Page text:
Gopher is the common term for any of several distinct species of small burrowing rodents endemic to North America, including: the pocket gopher (family Geomyidae), also called true gophers, the ground squirrel (family Sciuridae,) Richardson's ground squirrel, and species of prairie dog.
Gophers weigh around 0.5 pounds (230 g), and are about 15 inches (38 cm) long in body length, with a tail 7 inches (18 cm) long. Their lifespan is normally 2–3 years (assuming no diseases or predation). Gophers dig tunnels and subterranean chambers, and are associated with the rodent order, Rodentia. There are over 100 kinds of gophers in America. Gophers, because of their burrowing, can disrupt human plans like commercial agriculture, garden plots, some landscaping, and some underground cables. This has led to their frequent treatment as pests.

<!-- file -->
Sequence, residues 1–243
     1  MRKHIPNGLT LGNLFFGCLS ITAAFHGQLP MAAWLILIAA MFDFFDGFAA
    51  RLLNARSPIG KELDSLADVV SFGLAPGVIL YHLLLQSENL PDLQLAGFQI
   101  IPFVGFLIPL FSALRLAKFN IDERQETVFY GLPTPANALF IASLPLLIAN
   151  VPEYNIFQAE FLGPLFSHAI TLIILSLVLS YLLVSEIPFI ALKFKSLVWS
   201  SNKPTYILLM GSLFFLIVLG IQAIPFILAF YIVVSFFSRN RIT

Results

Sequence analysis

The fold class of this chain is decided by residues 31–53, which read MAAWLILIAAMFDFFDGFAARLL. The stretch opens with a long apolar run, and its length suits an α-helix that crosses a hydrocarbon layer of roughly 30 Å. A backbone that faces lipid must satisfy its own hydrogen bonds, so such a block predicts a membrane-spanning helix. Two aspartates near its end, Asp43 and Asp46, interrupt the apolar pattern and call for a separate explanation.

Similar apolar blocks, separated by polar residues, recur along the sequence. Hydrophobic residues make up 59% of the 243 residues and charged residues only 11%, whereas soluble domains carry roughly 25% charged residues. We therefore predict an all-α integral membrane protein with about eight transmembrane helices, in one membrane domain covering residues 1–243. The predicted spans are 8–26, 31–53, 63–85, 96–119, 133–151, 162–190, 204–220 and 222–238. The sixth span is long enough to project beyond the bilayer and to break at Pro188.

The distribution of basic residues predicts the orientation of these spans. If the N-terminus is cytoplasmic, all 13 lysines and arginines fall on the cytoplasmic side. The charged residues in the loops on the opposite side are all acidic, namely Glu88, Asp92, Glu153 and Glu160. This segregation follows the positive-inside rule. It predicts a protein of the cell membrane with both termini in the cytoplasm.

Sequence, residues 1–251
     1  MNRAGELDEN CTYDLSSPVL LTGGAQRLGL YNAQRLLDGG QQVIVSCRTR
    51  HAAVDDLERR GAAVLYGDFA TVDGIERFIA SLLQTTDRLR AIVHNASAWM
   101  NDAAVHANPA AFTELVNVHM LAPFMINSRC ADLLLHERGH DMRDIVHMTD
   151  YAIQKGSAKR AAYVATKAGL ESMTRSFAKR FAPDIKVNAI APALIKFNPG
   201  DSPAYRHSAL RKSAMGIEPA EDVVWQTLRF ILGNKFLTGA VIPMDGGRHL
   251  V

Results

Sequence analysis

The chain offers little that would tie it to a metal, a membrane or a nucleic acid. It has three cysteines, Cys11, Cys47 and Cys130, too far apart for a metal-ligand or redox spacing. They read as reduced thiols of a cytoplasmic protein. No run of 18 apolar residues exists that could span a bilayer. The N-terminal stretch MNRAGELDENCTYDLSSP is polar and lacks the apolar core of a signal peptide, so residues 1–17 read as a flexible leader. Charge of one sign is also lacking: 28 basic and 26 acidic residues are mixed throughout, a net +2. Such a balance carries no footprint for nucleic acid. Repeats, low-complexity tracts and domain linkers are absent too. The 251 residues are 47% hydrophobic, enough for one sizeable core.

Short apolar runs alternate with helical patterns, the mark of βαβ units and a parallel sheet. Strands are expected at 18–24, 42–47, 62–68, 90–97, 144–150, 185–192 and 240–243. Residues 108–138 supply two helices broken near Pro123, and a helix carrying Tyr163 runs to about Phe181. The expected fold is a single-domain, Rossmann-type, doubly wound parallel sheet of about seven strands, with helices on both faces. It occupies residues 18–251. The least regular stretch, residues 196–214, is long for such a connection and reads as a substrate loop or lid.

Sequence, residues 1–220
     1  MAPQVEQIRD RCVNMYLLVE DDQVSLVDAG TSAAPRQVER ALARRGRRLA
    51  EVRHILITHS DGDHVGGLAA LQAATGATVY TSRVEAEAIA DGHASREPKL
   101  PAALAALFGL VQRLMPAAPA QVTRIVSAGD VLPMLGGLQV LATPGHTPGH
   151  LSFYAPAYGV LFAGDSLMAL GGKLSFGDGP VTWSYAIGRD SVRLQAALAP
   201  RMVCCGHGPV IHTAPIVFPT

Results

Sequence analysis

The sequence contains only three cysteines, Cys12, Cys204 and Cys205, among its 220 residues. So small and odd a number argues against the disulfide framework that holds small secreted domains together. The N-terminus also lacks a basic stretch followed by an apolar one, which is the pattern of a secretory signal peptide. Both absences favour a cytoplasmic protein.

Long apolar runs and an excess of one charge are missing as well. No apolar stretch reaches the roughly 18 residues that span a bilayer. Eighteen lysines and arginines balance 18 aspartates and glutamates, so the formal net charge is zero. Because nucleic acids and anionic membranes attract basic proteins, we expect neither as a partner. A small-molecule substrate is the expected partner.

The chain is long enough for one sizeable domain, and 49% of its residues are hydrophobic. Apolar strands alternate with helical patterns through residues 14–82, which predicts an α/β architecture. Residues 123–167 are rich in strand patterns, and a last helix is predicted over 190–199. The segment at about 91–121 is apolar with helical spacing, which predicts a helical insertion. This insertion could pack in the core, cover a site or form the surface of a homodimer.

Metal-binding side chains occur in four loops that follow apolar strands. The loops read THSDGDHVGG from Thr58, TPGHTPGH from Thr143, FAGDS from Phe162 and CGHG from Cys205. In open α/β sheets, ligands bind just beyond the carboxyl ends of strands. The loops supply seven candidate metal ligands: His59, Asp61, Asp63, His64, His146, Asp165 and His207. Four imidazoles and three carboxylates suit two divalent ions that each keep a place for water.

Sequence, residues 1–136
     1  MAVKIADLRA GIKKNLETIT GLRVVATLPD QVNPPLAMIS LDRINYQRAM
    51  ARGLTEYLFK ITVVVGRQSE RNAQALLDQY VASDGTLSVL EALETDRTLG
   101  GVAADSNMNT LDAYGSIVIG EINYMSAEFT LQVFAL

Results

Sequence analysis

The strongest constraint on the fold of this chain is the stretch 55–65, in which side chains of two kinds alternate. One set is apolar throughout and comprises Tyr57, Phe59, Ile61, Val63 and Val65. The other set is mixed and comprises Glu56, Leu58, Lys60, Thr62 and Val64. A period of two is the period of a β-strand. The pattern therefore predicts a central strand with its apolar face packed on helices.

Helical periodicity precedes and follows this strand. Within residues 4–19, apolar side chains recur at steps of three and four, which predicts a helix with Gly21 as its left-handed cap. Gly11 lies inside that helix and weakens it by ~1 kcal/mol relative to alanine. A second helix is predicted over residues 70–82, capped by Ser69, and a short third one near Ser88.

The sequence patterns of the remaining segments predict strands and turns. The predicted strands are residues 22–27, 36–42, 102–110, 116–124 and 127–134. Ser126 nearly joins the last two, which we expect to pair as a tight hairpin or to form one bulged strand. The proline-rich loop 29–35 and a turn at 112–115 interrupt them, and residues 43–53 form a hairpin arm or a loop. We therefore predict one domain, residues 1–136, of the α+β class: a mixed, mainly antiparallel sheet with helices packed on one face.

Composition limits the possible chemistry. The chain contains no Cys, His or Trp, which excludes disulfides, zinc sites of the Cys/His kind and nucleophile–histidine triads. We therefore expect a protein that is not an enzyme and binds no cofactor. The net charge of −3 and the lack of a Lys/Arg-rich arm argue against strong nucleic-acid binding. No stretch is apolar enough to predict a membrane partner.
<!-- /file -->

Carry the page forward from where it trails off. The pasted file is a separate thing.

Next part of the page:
Gophers are generally timid but may attack if provoked. If deprived of their normal vegetarian food supply, gophers have been known to resort to cannibalism.
Gophers create a large community of tunnels with large mounds of dirt (not always mounds of dirt at the top) at their entrances, frequently referred to as gopher towns or gopher holes. They are also found in parks. Adult gophers will frequently stand watch at the entrance to a tunnel and whistle when predators are spotted, causing all the other gophers to run for the safety of the tunnels. A gopher town can easily spread to take over large sections of prairie or mountain meadow and may have a population in the thousands. The resulting destruction of plant life will then leave the area a stretch of denuded dirt. Gophers eat shrubs and other vegetables such as carrots, lettuce, radishes, and any other vegetables with juice. They live in North America and like heat.